The fitness strategy and supplement use would vary sharply from previous practices at Essendon.

    It would also involve injecting players with an unprecedented frequency.

    The AFL said coach James Hird, then-chief executive Ian Robson and Robinson determined it would be “cutting-edge”.

    The AFL said the Bombers didn’t thoroughly analyse either the risks to player health and safety or the advantages of the program.

    They did not seek meaningful input from appropriately qualified persons, nor did they have a clear framework of accountability and authority between the board, chief executive, football department officials and Robinson and Dank.

    The league also said Hird was interviewed by an officer of ASADA and an officer of the AFL Integrity Unit on August 5, 2011, after earlier making an inquiry about peptides.

    He was told by the AFL’s manager of integrity services that peptides were a serious risk to the integrity of the AFL, in the same category as steroids and HGH and told to report to the AFL if he came across any information relating to peptides.

    Danny Corcoran, who was then the Bombers’ people and development manager and is now football manager, and then-football manager Paul Hamilton were both present at the meeting, the AFL said.

    Hird, Corcoran, assistant coach Mark Thompson and club doctor Bruce Reid have all been charged by the AFL with bringing the game into disrepute, as has the club itself.

    © AAP 2018

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    The Crowd Says (60)

    • August 21st 2013 @ 2:05pm
      WooblisFan said | August 21st 2013 @ 2:05pm | ! Report

      Please tell me how Hird hasnt been stood down yet? Speaks volumes about the attitude and professionalism of the Essendon board.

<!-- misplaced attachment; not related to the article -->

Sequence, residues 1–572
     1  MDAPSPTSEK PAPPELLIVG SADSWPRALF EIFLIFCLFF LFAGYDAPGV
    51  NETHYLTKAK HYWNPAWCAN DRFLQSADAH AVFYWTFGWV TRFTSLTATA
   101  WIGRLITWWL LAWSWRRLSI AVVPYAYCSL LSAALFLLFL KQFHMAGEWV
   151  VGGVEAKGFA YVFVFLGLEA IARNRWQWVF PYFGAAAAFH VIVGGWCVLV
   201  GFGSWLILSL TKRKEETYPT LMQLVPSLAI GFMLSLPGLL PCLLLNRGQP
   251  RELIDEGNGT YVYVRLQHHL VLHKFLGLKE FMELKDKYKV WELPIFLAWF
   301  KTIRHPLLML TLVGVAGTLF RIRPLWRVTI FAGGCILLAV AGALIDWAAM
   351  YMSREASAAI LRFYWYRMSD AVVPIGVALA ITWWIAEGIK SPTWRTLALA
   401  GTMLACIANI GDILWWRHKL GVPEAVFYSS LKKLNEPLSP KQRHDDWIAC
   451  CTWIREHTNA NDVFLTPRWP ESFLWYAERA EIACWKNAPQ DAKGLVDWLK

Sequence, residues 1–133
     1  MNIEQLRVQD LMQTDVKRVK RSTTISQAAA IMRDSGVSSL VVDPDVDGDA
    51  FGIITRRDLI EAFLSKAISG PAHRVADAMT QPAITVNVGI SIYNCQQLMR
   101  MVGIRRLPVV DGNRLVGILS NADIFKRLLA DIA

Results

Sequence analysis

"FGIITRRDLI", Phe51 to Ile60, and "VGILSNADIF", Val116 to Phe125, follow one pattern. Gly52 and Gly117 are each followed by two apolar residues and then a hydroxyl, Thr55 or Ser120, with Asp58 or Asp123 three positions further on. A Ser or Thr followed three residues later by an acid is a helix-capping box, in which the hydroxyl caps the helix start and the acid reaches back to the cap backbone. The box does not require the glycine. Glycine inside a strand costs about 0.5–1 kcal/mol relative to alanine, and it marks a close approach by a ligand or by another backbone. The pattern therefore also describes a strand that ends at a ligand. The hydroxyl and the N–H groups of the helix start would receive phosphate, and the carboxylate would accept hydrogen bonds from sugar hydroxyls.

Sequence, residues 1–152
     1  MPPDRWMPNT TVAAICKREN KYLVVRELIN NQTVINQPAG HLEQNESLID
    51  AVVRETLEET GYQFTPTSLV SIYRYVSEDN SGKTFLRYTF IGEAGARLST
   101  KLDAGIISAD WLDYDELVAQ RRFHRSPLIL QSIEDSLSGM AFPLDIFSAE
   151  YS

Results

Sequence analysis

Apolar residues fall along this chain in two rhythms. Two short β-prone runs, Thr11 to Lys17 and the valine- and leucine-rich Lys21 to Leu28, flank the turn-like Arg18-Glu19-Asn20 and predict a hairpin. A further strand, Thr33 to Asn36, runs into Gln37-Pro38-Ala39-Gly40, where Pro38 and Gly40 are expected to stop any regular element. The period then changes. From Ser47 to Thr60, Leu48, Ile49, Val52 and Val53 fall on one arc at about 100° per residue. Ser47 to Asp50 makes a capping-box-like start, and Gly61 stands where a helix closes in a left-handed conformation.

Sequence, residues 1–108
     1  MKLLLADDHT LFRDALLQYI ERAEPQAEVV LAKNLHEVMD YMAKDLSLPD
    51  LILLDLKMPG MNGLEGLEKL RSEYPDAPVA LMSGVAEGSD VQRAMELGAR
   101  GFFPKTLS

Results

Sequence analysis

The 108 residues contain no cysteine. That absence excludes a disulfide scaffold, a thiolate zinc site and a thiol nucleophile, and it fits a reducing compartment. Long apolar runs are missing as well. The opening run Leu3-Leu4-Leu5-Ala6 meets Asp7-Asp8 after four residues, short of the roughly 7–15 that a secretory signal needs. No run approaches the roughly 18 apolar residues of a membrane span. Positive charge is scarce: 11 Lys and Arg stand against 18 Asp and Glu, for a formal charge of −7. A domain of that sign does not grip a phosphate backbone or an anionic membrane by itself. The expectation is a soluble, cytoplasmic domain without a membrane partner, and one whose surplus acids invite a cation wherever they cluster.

Hird is taking this club down and they are too stupid, conflicted, scared and clueless to see it. They should take the medicine now and be done with it.

      This ends only one way for Essendon and its all bad.

    • August 21st 2013 @ 2:12pm
      Australian Rules said | August 21st 2013 @ 2:12pm | ! Report

      I wonder if the Essendon supporters still think this is just a conspiracy or a beat up…

    • August 21st 2013 @ 2:30pm
      Bobbo7 said | August 21st 2013 @ 2:30pm | ! Report

      Disgraceful. But i’m sure the Essendon’s supporters will stand by the club managment in blind faith – even though they appear to have drugged thier own players with unknown substances and let everyone, including thier supporters down.

    • August 21st 2013 @ 2:35pm
      Ads said | August 21st 2013 @ 2:35pm | ! Report

      So will EFC fans still regurgitate that there is nothing wrong going on here?

    • August 21st 2013 @ 2:36pm
      Fox Molder said | August 21st 2013 @ 2:36pm | ! Report

      Where is DeanP and the other usuals? I suppose Caroline Wilson is to blame and Hird did nothing wrong.

    • August 21st 2013 @ 2:38pm
      Franko said | August 21st 2013 @ 2:38pm | ! Report

      I am shocked to be sitting here today.